New Orleans We have to celebrate election victories when we can. Given the rampaging uncertainty of the US midterms, it was comforting to find one election that came out the way the polls suggested. Admittedly, the election was in Brazil, which may not mean a whole lot to some, but given the size of Brazil and the major role in plays in Latin America, the victory of Lula de Silva and the Workers Party is huge. The final tally against the incumbent Jair Bolsonaro was close, about 51 to 49, but close counts in elections, just as it does in horseshoes.
None of this is to say that everyone is ecstatic in Brazil. Bolsonaro, a far rightwing conservative and semi-populist, self-styled as the Trump of Brazil, had been claiming for months that the election was rigged and if he lost, he would, like Trump, believe there was mischief. Bolsonaro’s time in office had been fraught. His agricultural base burned up miles of the rain forest for soybeans and cattle. His evangelical base was strong and strict. Bolsonaro hasn’t actually conceded yet, but he has broken his silence, and his chief of staff has indicated that they will follow the Brazilian constitution and begin the transfer of power to the victor. Some of his supporters continue to protest and block streets and major highway arteries, but he has called for peaceful protest, rather than a repeat of the US January 6th debacle. Many, me among them, shudder to think what he might have done in a second term, but it seems that he too will now pass.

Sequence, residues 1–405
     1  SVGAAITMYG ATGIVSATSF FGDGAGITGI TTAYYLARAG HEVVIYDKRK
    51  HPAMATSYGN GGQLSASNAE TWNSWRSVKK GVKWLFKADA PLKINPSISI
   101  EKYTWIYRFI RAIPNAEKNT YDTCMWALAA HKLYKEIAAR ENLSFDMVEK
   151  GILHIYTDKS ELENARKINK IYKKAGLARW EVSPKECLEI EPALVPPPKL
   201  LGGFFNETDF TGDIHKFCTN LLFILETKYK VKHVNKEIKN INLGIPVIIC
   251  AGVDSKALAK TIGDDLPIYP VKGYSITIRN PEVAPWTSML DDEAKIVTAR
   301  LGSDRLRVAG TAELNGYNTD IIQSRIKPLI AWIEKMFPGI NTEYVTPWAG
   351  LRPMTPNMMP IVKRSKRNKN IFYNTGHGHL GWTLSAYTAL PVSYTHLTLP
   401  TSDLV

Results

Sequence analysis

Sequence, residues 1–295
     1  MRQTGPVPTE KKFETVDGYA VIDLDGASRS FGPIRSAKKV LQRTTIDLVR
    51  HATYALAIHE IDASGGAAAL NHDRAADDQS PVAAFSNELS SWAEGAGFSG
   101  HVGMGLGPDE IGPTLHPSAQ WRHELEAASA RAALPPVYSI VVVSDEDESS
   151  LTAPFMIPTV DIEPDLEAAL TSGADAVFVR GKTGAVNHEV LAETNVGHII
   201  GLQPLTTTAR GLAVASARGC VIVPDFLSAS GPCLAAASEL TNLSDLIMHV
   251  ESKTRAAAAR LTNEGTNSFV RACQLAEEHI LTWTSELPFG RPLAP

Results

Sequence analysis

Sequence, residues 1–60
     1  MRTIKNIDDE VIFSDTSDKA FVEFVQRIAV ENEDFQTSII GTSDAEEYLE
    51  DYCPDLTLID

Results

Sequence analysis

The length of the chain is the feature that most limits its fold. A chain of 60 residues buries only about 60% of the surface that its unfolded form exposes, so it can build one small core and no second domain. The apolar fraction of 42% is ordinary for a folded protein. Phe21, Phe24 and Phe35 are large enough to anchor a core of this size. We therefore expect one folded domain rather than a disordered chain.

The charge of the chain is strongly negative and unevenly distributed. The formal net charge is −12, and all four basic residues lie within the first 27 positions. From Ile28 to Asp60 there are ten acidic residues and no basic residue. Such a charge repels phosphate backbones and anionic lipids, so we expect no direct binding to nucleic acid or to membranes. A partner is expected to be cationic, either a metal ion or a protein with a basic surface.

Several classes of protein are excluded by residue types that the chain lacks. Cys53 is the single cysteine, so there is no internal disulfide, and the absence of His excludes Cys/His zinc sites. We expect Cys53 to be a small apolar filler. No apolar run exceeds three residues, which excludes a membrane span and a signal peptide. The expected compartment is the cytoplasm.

Lula, as he’s popularly known, has had a rollercoaster ride back to Brasilia and the presidential sash after two earlier terms, corruptions scandals, impeachment of his successor, and a stint in prison until released by the courts and allowed to run again. I’m unapologetically a supporter of Lula and the PT. The first international dialogue of the Organizers’ Forum was in Brazil almost twenty years ago. Thanks to blind luck, we were in Sao Paulo on the eve of the initial vote, where Lula was representing the PT. Every union, think-tank, and community group we met was over-the-top excited – and fearful. The dominant theme was whether the military and other supporters of the former dictatorship would even allow Lula to take office if won. Jogging at dawn on the main boulevard there were already Lula supporters and their opponents’ waving banners in the small spaces between traffic lanes. Through the ups and downs of Lula’s career, the one thing that has been constant, warts and all, has been his excellent record with lower income Brazilians and workers, as a former union leader himself.
The Organizers’ Forum has talked about going back to Brazil, twenty years later, and now with Lula re-elected, it seems like a safe choice and a good idea. The World Social Forum, which began in Porto Alegre, with Lula’s return is also talking about going back. Maybe we can combine both events? It’s rare to get a rerun where progress and pitfalls can be measured over decades, but it just might be possible in Brazil in the next few years, and that’s a great thing.